Chimps have Been Dying. Now We May Know Why

A bacterium may be the culprit
By Luke Roney,  Newser Staff
Posted Feb 7, 2021 4:35 PM CST
Chimps have Been Dying. Now We May Know Why
A chimpanzee looks out of his enclosure at Zoo Miami.   (AP Photo/Wilfredo Lee)

Researchers have identified a bacterium that they believe is responsible for a “new and always fatal” illness that has been killing chimpanzees in Sierra Leone, USA Today reports. The disease—Epizootic Neurologic and Gastroenteric Syndrome, or ENGS—has killed at least 53 chimps at the Tacugama Chimpanzee Sanctuary, per the New York Post. The deaths occurred between 2005 and 2018. “It was not subtle,” researcher Tony Goldberg of the University of Wisconsin tells Science. “The chimpanzees would stagger and stumble, vomit, and have diarrhea. Sometimes they’d go to bed healthy and be dead in the morning.” The likely cause of the condition is a clover-shaped bacterium dubbed Sarcina troglodytae, which was found in tissue samples from 13 chimps that died.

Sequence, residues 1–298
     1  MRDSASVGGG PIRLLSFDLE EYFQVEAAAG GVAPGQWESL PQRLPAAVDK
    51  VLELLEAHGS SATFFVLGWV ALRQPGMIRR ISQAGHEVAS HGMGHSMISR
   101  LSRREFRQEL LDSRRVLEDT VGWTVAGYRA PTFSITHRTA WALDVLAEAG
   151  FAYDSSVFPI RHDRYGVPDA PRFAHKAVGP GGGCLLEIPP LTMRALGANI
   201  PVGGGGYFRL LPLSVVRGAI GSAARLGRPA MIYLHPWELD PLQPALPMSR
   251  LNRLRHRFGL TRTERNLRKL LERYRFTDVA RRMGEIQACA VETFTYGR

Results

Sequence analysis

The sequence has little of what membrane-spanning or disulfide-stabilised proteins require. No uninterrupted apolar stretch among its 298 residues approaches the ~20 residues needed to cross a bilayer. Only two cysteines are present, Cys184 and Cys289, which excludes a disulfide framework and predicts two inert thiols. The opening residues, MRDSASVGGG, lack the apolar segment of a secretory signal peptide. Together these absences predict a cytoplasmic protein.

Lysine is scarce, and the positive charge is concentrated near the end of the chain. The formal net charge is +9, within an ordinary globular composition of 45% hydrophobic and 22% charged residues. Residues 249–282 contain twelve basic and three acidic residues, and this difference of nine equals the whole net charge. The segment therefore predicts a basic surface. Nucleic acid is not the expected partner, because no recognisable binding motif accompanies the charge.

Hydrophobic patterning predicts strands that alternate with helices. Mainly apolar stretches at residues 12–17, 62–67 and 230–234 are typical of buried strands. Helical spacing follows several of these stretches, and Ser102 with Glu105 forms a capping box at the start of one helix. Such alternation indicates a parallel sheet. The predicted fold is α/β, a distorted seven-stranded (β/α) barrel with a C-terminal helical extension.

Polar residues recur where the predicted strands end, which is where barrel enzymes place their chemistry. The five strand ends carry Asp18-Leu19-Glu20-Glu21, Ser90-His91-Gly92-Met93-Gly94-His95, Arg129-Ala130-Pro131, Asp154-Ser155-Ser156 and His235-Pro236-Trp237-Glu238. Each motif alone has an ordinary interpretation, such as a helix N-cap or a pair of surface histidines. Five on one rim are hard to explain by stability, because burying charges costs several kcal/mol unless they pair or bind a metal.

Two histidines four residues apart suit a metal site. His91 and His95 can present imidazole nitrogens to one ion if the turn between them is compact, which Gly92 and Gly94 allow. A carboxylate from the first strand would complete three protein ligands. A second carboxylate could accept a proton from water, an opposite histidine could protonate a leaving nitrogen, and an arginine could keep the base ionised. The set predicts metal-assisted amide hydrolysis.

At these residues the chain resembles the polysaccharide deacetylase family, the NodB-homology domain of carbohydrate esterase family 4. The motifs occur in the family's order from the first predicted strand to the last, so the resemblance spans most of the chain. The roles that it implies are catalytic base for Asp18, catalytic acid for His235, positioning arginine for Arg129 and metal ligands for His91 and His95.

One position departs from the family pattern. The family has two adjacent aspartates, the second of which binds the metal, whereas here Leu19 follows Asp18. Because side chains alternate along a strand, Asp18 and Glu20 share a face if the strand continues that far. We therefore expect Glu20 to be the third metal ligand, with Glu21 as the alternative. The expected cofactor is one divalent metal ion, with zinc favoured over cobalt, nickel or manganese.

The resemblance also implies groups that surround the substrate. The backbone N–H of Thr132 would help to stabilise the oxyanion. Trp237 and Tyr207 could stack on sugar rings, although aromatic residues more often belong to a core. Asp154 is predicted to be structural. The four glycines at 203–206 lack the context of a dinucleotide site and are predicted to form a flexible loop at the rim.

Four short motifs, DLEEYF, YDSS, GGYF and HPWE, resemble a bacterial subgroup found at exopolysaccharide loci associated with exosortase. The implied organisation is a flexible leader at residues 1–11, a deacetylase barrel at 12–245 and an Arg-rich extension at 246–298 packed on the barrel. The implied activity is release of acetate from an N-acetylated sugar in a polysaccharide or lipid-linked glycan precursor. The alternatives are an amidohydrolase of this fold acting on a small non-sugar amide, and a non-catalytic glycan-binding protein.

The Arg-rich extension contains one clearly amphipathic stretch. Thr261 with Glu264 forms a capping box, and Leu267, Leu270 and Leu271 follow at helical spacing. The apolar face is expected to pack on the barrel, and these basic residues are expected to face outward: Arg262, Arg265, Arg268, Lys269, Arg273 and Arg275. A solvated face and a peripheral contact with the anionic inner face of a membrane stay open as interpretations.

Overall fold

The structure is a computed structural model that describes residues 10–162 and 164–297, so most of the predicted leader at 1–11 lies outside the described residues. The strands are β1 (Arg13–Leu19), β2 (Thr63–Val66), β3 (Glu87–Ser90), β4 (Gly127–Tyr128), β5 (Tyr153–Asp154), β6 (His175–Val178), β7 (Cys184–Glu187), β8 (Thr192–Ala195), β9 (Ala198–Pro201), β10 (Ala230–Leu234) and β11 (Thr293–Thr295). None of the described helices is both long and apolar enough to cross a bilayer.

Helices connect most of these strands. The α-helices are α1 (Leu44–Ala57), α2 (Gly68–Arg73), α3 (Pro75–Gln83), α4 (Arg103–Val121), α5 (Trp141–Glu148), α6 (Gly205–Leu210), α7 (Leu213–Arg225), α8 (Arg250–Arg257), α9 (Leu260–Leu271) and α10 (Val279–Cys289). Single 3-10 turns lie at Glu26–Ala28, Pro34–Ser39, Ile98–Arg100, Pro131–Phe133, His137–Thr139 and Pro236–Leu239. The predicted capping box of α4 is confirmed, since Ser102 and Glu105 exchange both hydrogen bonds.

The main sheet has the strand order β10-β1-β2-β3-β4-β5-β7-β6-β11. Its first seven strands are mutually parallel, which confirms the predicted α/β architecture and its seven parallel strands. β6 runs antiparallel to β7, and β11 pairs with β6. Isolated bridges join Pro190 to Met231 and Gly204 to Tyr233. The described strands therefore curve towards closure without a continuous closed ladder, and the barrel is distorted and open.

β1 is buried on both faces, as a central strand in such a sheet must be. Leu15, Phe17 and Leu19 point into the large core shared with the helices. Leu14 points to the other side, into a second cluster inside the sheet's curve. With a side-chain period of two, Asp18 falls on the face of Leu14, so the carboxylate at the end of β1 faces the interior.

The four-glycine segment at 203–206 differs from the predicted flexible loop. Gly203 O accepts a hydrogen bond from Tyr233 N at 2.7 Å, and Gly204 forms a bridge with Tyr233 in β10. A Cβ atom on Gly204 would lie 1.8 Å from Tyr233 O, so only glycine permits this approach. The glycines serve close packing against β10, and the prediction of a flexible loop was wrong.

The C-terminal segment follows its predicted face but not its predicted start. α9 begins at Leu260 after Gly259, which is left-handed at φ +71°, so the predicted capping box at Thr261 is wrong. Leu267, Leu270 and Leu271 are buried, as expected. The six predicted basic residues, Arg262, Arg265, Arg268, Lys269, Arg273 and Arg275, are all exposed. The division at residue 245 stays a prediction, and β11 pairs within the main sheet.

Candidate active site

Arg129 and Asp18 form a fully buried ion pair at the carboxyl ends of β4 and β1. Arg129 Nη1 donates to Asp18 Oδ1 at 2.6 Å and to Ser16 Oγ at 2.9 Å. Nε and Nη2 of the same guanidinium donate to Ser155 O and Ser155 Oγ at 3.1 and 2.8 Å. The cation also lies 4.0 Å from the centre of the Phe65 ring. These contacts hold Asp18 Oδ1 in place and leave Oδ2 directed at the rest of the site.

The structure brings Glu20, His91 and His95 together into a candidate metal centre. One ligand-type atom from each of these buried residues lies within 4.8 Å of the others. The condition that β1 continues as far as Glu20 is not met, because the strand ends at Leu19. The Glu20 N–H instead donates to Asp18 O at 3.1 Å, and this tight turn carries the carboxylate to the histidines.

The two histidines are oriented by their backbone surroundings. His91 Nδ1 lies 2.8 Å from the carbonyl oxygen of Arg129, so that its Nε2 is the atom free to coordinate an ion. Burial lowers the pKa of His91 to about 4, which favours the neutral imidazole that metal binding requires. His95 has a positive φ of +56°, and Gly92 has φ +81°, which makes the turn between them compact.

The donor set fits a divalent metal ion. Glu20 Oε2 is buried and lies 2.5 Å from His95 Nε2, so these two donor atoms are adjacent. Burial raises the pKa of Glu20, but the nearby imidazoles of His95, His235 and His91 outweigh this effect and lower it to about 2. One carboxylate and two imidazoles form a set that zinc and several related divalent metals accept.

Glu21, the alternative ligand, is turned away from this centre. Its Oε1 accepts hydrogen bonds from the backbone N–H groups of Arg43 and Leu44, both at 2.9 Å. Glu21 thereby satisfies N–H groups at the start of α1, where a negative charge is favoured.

The bacterium was not found in samples from healthy apes. Leah Owens, a graduate student working with Goldberg, noticed the bacterium in the brain tissue of a dead chimp. “Late at night, I was looking through the microscope and I saw this really weird-looking cubic structure,” she tells Science. ENGS has not been found in a human, but the transmission of diseases—such as Ebola and HIV—between apes and people is common, USA Today notes. “There are very few pathogens that infect chimpanzees without infecting humans and very few pathogens that infect humans without infecting chimpanzees,” Goldberg tells the paper. And, per the Post, a bacterium related to Sarcina troglodytae has caused a rare gastrointestinal disease in humans. (More chimpanzees stories.)

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